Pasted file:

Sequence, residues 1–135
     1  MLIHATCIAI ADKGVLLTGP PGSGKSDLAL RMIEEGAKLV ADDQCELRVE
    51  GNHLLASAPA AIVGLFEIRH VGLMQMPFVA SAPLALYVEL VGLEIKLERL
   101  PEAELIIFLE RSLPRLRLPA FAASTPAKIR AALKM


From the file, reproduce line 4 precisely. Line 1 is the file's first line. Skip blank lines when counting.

   101  PEAELIIFLE RSLPRLRLPA FAASTPAKIR AALKM